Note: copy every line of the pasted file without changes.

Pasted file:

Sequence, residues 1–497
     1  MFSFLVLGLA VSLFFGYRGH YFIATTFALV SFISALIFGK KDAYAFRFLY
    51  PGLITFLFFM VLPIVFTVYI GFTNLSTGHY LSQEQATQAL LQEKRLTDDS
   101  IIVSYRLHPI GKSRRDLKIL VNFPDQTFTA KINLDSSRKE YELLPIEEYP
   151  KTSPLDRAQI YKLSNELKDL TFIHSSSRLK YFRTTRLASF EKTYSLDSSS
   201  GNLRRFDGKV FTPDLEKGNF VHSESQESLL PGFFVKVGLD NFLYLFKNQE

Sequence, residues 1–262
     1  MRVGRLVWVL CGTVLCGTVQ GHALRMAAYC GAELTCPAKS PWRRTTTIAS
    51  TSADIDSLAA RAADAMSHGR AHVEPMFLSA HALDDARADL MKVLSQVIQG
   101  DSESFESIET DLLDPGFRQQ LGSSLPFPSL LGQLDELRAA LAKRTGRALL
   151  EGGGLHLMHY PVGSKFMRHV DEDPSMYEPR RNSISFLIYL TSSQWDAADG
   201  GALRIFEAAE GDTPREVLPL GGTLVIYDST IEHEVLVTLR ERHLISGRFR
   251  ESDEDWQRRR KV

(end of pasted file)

Sequence, residues 1–497
     1  MFSFLVLGLA VSLFFGYRGH YFIATTFALV SFISALIFGK KDAYAFRFLY
    51  PGLITFLFFM VLPIVFTVYI GFTNLSTGHY LSQEQATQAL LQEKRLTDDS
   101  IIVSYRLHPI GKSRRDLKIL VNFPDQTFTA KINLDSSRKE YELLPIEEYP
   151  KTSPLDRAQI YKLSNELKDL TFIHSSSRLK YFRTTRLASF EKTYSLDSSS
   201  GNLRRFDGKV FTPDLEKGNF VHSESQESLL PGFFVKVGLD NFLYLFKNQE

Sequence, residues 1–262
     1  MRVGRLVWVL CGTVLCGTVQ GHALRMAAYC GAELTCPAKS PWRRTTTIAS
    51  TSADIDSLAA RAADAMSHGR AHVEPMFLSA HALDDARADL MKVLSQVIQG
   101  DSESFESIET DLLDPGFRQQ LGSSLPFPSL LGQLDELRAA LAKRTGRALL
   151  EGGGLHLMHY PVGSKFMRHV DEDPSMYEPR RNSISFLIYL TSSQWDAADG
   201  GALRIFEAAE GDTPREVLPL GGTLVIYDST IEHEVLVTLR ERHLISGRFR
   251  ESDEDWQRRR KV